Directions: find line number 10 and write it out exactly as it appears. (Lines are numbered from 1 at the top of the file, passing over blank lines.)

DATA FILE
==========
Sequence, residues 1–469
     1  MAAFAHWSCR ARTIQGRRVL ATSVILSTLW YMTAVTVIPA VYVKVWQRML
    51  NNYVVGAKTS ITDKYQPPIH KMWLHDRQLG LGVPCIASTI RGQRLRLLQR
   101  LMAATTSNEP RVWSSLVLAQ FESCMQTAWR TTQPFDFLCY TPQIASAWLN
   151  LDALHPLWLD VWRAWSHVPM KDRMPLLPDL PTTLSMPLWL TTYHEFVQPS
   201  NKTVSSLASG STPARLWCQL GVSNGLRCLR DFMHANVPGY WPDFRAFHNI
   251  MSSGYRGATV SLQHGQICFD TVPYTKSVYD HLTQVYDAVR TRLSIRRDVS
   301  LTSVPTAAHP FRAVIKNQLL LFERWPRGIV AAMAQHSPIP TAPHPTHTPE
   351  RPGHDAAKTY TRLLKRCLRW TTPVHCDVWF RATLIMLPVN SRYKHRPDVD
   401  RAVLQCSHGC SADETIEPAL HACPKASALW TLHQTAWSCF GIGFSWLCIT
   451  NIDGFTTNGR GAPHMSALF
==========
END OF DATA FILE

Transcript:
   401  RAVLQCSHGC SADETIEPAL HACPKASALW TLHQTAWSCF GIGFSWLCIT